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Comment: Write some code (Score 3, Interesting) 121

by bwhaley (#44701531) Attached to: Ask Slashdot: Hands-On Activity For IT Career Fair

Come up with a few simple programming projects that students can run through. There's something magical about writing code and seeing the computer execute exactly what you told it to do. Write a Ruby Sinatra or Python Flask app and show how to access it from the command line. This will teach them what a web server is and how to write simple code at the same time.

Comment: Valve Handbook (Score 5, Informative) 522

by bwhaley (#43064091) Attached to: Can Valve's 'Bossless' Company Model Work Elsewhere?

Valve addresses this very question in the Handbook for New Employees:

Q: If all this stuff has worked well for us, why doesn’t every company
work this way?

A: Well, it’s really hard. Mainly because, from day one, it requires a
commitment to hiring in a way that’s very different from the way most
companies hire. It also requires the discipline to make the design of
the company more important than any one short-term business goal.
And it requires a great deal of freedom from outside pressure—being
self-funded was key. And having a founder who was confident enough
to build this kind of place is rare, indeed.

Another reason that it’s hard to run a company this way is that it
requires vigilance. It’s a one-way trip if the core values change, and
maintaining them requires the full commitment of everyone—
especially those who’ve been here the longest. For “senior” people
at most companies, accumulating more power and/or money over
time happens by adopting a more hierarchical culture.


+ - Surveillance Drones over U.S. get OK by Congress->

Submitted by suraj.sun
suraj.sun (1348507) writes "Look! Up in the sky! Is it a bird? Is it a plane? It’s a drone, and it’s watching you. That’s what privacy advocates fear from a bill Congress passed this week to make it easier for the government to fly unmanned spy planes in U.S. airspace.

The FAA Reauthorization Act, which President Obama is expected to sign, also orders the Federal Aviation Administration to develop regulations for the testing and licensing of commercial drones by 2015.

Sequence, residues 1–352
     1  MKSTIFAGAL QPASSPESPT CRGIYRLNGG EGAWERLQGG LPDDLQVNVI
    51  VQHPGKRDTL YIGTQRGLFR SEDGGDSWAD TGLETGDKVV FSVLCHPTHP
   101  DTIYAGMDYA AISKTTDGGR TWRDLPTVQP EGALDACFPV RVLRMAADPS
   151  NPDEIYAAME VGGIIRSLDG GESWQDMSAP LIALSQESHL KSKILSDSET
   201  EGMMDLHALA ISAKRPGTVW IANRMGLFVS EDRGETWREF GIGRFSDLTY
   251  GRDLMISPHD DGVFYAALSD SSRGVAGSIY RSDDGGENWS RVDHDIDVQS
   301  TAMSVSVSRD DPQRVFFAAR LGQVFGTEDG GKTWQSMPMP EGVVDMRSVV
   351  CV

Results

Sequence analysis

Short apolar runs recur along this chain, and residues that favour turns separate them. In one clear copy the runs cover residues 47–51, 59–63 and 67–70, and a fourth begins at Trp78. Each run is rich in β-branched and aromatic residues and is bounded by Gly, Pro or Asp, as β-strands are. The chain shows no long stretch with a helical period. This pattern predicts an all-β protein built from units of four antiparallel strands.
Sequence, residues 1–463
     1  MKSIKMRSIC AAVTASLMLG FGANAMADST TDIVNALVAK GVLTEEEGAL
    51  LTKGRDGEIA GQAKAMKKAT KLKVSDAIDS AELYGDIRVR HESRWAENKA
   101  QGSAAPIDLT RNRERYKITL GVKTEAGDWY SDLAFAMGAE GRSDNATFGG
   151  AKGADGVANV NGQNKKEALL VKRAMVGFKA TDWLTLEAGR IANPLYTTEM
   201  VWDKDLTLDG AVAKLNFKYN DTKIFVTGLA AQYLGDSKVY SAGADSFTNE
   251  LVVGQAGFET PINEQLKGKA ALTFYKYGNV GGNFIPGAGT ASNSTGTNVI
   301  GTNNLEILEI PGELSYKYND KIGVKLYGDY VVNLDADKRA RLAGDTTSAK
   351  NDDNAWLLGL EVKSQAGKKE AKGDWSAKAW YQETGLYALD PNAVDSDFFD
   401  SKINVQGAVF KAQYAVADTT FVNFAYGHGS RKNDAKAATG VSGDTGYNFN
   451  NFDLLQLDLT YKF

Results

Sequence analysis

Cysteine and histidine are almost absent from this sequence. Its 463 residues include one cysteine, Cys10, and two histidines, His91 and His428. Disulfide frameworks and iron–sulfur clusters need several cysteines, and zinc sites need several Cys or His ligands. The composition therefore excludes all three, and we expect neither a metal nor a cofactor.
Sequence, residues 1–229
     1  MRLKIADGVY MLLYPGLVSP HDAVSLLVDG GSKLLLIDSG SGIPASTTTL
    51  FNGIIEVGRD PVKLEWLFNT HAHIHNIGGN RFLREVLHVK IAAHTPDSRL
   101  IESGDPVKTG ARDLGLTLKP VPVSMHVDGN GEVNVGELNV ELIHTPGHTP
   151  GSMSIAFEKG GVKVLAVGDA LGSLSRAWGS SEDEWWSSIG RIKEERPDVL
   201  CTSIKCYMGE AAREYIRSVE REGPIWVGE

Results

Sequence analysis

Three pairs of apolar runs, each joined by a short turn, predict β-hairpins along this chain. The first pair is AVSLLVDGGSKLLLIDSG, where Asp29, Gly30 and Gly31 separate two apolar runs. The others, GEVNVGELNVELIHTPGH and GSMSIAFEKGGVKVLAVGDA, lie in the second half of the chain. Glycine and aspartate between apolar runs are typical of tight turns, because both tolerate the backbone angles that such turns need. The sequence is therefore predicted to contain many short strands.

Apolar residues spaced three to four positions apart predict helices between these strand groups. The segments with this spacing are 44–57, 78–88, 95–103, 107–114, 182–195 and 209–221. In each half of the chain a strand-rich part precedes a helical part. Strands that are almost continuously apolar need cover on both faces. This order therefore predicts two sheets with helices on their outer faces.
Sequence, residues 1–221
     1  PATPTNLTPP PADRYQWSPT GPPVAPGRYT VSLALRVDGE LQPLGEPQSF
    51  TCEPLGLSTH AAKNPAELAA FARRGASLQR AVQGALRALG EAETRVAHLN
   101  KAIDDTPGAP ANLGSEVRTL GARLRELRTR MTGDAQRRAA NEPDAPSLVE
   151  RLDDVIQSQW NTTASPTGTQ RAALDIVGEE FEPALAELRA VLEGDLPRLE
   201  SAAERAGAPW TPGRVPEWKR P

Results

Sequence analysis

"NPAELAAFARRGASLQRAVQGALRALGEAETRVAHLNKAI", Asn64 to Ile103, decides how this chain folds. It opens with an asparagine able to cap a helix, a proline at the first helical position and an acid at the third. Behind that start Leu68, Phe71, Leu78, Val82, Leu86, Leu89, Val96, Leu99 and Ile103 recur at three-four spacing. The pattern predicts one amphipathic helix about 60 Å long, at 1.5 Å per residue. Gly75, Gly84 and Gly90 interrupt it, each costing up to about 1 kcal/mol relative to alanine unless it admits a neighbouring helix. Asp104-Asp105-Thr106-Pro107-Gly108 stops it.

Privacy advocates say the measure will lead to widespread use of drones for electronic surveillance by police agencies across the country and eventually by private companies as well."

Link to Original Source

Comment: Re:Crickets (Score 1) 328

by bwhaley (#38939523) Attached to: BTJunkie No More?

I used it exclusively. For me it was the best place to find torrents that where properly categorized with many seeders and, most importantly, ratings and comments so that you could be confident in the files you were downloading. It was an aggregator of other sites so it had an extensive database. I had been using it since it's inception in 2005. I'll miss it dearly.

Comment: Re:CS is part of IT (Score 1) 520

by bwhaley (#37514938) Attached to: Ask Slashdot: CS Grads Taking IT Jobs?

Is that really what you think IT guys do? The equivalent of fixing your car? What an arrogant statement. Like anything else, there is a spectrum of skills and job types within what you refer to as "IT," just as in any other discipline. Is the new help desk employee that resets user passwords the same role as the architect who designs redundant data centers for high availability or disaster recovery? Similarly, is the web developer who edits Wordpress themes the same as the C programmer writing drivers?

Not all programmers are high and mighty, genius computer scientists. Not all IT workers are Windows monkeys.

Comment: txteagle alternative (Score 2, Informative) 267

by bwhaley (#33189532) Attached to: Inside the Mechanical Turk Sweatshop

I learned about the txteagle service this weekend at a TEDx event. txteagle crowdsources services to mobile phone users in developing nations. While these small amounts not mean much to those of us in the US, for people in developing nations earning less than $5/day it can have a huge lifestyle impact.

Comment: Re:The way it should be (Score 4, Insightful) 183

by bwhaley (#28488379) Attached to: Domain-Name Wars, Rise of the Cybersquatters

One could argue that this is abusing the domain name system's original intent. To continue your example, why does Ford need,,, etc? They should be using subdomains: The make and model are both instantly more recognizable, as is the Ford brand in general.

The Internet would be a better place if the marketing people would focus on marketing problems and let the technology people implement solutions.

"Consistency requires you to be as ignorant today as you were a year ago." -- Bernard Berenson